Statisticians view Bayesian modeling as a gold standard for constructing models from data. But Bayesian modeling is notoriously time-consuming and challenging. Statisticians first take an educated guess at the necessary model structure and parameters, relying on their general knowledge of the problem and the data. Using a statistical programming environment, such as R, a statistician then builds models, fits parameters, checks results, and repeats the process until they strike an appropriate performance tradeoff that weighs the model’s complexity and model quality.
The researchers’ tool automates a key part of this process. “We’re giving a software system a job you’d have a junior statistician or data scientist do,” Mansinghka says. “The software can answer questions automatically from the data — forecasting predictions or telling you what the structure is — and it can do so rigorously, reporting quantitative measures of uncertainty. This level of automation and rigor is important if we’re trying to make data science more accessible.”
With the new approach, users write a line of code detailing the raw data’s location. The tool loads that data and creates multiple probabilistic programs that each represent a Bayesian model of the data. All these automatically generated models are written in domain-specific probabilistic programming languages — coding languages developed for specific applications — that are optimized for representing Bayesian models for a specific type of data.
The tool works using a modified version of a technique called “program synthesis,” which automatically creates computer programs given data and a language to work within. The technique is basically computer programming in reverse: Given a set of input-output examples, program synthesis works its way backward, filling in the blanks to construct an algorithm that produces the example outputs based on the example inputs.
The approach is different from ordinary program synthesis in two ways. First, the tool synthesizes probabilistic programs that represent Bayesian models for data, whereas traditional methods produce programs that do not model data at all. Second, the tool synthesizes multiple programs simultaneously, while traditional methods produce only one at a time. Users can pick and choose which models best fit their application.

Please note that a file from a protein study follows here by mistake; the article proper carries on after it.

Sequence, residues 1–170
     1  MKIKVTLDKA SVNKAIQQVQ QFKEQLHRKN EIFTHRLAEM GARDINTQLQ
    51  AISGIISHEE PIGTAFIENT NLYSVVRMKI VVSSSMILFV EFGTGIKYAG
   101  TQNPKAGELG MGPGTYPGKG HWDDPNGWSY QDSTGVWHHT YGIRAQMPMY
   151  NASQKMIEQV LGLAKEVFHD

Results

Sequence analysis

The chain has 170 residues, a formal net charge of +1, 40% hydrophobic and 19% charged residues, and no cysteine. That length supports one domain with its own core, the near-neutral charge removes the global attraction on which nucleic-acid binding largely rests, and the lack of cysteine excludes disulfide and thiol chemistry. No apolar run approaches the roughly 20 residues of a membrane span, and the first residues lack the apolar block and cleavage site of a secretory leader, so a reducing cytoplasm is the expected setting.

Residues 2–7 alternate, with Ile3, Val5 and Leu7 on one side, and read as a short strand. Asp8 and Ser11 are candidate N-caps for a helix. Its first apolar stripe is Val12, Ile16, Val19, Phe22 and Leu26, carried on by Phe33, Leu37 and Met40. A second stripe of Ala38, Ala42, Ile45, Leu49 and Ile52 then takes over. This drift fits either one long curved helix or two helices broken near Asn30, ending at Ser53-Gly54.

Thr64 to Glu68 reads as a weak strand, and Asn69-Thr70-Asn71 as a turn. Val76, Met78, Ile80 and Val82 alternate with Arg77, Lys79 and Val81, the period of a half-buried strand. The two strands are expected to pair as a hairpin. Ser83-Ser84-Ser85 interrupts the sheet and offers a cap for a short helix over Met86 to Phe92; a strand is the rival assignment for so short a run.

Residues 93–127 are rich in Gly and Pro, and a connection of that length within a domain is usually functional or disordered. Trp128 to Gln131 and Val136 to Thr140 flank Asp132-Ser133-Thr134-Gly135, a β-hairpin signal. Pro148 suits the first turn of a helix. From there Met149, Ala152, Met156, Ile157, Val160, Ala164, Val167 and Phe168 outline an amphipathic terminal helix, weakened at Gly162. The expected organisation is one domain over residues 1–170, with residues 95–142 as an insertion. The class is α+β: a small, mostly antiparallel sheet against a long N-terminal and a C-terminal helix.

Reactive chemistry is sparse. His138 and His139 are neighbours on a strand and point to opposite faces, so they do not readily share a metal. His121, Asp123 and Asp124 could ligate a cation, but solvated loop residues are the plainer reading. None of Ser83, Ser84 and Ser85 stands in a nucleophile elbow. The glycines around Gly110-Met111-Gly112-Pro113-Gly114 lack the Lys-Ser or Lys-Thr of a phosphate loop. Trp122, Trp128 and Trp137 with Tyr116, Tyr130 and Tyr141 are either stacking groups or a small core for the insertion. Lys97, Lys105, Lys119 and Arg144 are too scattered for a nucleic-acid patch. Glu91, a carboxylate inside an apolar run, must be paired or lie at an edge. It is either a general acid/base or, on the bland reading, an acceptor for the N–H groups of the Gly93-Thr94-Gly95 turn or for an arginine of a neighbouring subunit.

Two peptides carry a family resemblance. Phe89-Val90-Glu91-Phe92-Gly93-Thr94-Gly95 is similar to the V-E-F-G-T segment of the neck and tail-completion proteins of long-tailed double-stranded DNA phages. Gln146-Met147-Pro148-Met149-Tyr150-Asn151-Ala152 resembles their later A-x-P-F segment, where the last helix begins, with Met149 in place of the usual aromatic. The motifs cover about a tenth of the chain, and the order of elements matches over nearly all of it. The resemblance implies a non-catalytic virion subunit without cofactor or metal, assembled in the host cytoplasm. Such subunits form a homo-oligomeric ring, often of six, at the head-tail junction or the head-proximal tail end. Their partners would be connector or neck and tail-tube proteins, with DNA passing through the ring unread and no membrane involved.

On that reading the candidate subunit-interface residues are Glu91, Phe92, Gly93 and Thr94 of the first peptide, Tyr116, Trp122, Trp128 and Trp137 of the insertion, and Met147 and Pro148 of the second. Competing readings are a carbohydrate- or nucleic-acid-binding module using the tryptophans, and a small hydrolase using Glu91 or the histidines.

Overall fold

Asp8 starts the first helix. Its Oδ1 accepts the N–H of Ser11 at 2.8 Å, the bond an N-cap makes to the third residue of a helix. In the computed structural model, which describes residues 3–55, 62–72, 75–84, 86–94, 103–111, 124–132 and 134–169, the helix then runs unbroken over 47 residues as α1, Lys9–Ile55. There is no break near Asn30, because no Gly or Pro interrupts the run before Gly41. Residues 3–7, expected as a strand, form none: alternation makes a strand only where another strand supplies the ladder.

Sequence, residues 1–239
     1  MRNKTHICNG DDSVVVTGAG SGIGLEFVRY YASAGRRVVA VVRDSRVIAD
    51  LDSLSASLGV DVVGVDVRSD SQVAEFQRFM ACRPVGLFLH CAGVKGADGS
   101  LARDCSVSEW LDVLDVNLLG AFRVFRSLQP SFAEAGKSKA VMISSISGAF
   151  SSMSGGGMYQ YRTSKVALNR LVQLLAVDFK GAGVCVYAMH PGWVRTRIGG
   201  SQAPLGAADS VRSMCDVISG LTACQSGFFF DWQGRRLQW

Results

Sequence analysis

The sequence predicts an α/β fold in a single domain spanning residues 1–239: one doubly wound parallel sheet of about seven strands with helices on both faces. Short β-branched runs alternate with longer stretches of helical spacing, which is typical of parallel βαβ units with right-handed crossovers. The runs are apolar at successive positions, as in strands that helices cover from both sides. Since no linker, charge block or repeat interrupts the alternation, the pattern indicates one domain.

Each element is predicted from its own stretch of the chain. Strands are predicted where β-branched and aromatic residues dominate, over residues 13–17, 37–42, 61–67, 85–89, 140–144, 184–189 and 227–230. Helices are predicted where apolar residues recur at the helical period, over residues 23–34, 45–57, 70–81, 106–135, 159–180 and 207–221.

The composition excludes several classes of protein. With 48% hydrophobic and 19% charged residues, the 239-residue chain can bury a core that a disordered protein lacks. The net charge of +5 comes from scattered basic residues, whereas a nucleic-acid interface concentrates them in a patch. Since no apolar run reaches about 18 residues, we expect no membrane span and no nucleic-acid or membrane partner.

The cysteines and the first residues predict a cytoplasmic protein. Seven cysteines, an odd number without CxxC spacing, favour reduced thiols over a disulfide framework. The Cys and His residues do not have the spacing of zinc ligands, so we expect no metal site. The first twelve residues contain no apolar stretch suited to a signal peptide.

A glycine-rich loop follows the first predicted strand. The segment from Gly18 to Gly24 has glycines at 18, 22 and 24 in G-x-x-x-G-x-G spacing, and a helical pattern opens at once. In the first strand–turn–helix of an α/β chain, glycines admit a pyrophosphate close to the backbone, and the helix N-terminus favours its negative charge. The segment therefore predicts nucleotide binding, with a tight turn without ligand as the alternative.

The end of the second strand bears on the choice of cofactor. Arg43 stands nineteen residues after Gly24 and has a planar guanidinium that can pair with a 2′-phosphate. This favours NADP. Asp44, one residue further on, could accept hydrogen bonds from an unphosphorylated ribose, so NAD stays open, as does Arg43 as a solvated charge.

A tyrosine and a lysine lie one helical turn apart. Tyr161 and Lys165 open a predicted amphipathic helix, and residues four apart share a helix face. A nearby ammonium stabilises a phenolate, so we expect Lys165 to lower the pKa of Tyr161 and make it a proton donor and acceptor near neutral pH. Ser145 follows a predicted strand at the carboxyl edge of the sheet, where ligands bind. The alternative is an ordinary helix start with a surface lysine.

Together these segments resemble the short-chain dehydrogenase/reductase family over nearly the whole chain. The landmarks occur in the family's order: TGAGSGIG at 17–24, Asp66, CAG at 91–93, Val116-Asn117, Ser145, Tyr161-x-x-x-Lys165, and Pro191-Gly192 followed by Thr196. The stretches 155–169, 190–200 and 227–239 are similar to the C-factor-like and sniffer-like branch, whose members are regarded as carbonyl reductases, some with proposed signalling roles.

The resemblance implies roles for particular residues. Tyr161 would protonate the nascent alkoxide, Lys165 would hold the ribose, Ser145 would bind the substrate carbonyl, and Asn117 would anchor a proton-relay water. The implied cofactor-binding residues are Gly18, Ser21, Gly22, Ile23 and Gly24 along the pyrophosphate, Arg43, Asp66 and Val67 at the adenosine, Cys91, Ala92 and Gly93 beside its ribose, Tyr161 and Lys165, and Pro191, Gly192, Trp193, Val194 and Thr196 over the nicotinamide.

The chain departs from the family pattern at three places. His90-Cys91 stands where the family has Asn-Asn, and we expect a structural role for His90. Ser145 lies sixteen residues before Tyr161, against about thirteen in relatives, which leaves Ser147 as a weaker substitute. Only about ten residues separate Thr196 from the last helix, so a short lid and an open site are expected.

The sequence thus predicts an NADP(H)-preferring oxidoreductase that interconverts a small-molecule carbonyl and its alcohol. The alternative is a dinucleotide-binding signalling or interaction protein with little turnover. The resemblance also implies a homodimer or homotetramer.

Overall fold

“When the system makes a model, it spits out a piece of code written in one of these domain-specific probabilistic programming languages … that people can understand and interpret,” Mansinghka says. “For example, users can check if a time series dataset like airline traffic volume has seasonal variation just by reading the code — unlike with black-box machine learning and statistics methods, where users have to trust a model’s predictions but can’t read it to understand its structure.”
Probabilistic programming is an emerging field at the intersection of programming languages, artificial intelligence, and statistics. This year, MIT hosted the first International Conference on Probabilistic Programming, which had more than 200 attendees, including leading industry players in probabilistic programming such as Microsoft, Uber, and Google.
“My team at Google AI builds probabilistic programming tools on top of TensorFlow. Probabilistic programming is an important area for Google, and time series modeling is a promising application area, with many use cases at Google and for Google’s users,” says Ryan M. Rifkin ’94, SM ’97, PhD ’02, a Google researcher who was not involved in the research. The researchers’ paper “shows how to apply probabilistic programming to solve this important problem — and reduces the effort needed to get started, by showing how the probabilistic programs can be synthesized from data, rather than written by people.”